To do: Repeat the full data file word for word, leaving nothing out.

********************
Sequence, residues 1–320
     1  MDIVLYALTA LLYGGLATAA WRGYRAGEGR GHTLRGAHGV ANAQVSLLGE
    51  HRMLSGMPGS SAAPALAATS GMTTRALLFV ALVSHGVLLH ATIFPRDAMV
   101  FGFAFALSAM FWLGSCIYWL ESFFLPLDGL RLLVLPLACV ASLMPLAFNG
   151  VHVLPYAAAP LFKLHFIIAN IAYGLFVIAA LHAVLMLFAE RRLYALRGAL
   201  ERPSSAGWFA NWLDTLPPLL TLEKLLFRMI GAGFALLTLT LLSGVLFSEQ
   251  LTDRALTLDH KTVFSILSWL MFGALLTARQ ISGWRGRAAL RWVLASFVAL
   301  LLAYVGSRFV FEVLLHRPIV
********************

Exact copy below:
Sequence, residues 1–320
     1  MDIVLYALTA LLYGGLATAA WRGYRAGEGR GHTLRGAHGV ANAQVSLLGE
    51  HRMLSGMPGS SAAPALAATS GMTTRALLFV ALVSHGVLLH ATIFPRDAMV
   101  FGFAFALSAM FWLGSCIYWL ESFFLPLDGL RLLVLPLACV ASLMPLAFNG
   151  VHVLPYAAAP LFKLHFIIAN IAYGLFVIAA LHAVLMLFAE RRLYALRGAL
   201  ERPSSAGWFA NWLDTLPPLL TLEKLLFRMI GAGFALLTLT LLSGVLFSEQ
   251  LTDRALTLDH KTVFSILSWL MFGALLTARQ ISGWRGRAAL RWVLASFVAL
   301  LLAYVGSRFV FEVLLHRPIV